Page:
Armstrong and Aldrin would, of course, go on to greater fame with the Apollo program—the series of missions that would finally take humans to the surface of the Moon. Apollo had the most complex set of objectives. Engineers had to design and build three separate spacecraft components that together made up the Apollo spacecraft. The service module contained life-support systems, power sources, and fuel for in-flight maneuvering. The conical command module would be the only part of the craft to return to Earth. The lunar module would ferry two members of the three-man crew to the lunar surface and then return them to dock with the combined service and command modules. Another major task was to develop new tough but lightweight materials for the lunar module and for spacesuits that would protect the astronauts from extremes of heat and cold. And then there was what has often seemed the most impossible challenge of all. Flight engineers had to perfect a guidance system that would not only take the spacecraft across a quarter of a million miles to the Moon but also bring it back to reenter Earth's atmosphere at an extremely precise angle that left very little room for error (roughly six and half degrees, give or take half a degree). If the angle was too steep, the capsule would burn up in the atmosphere, too shallow and it would glance off the atmosphere like a stone skimming the surface of a pond and hurtle into space with no possibility of a second chance.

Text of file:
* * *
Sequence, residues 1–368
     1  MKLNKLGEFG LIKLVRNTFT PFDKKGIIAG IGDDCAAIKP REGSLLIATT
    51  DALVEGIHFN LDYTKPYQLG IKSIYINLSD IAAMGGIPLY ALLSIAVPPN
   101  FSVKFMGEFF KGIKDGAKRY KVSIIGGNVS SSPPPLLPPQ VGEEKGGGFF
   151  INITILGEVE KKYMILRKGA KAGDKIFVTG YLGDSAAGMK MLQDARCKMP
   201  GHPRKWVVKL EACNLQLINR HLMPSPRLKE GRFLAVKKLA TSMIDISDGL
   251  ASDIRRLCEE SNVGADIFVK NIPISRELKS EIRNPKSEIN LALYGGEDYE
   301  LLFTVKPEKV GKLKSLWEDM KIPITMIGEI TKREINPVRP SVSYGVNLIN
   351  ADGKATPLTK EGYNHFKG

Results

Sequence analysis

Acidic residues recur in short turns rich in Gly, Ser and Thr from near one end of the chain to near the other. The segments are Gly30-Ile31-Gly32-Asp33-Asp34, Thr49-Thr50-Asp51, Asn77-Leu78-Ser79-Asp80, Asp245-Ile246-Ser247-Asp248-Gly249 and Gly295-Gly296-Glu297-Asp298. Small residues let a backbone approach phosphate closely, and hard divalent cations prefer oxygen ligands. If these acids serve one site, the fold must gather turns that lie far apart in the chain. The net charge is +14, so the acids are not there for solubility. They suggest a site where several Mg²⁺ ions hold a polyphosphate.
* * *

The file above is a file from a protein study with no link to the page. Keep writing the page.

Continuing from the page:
Launching all that hardware—40 tons of payload—called for a rocket of unprecedented thrust. Von Braun and his rocket team again rose to the challenge, building the massive Saturn V, the largest rocket ever created. More than 360 feet long and weighing some 3,000 tons, it generated 7.5 million pounds of thrust and propelled all the Apollo craft on their way without a hitch. On July 16, 1969, a Saturn V launched Apollo 11 into space. Four days later, on July 20, Neil Armstrong and Buzz Aldrin became the first humans to set foot on the Moon, thus meeting Kennedy's challenge and winning the space race. After the tragic loss of astronauts Virgil I. (Gus) Grissom, Edward H. White, and Roger B. Chaffee during a launchpad test for Apollo 1, the rest of the Apollo program was a spectacular success. Even the aborted Apollo 13 mission proved how resourceful both the astronauts in space and the engineers on the ground could be in dealing with a potentially deadly catastrophe—an explosion aboard the service module. But with the space race won and with increasing cost concerns as well as a desire to develop other space programs, the Moon missions came to an end in 1972.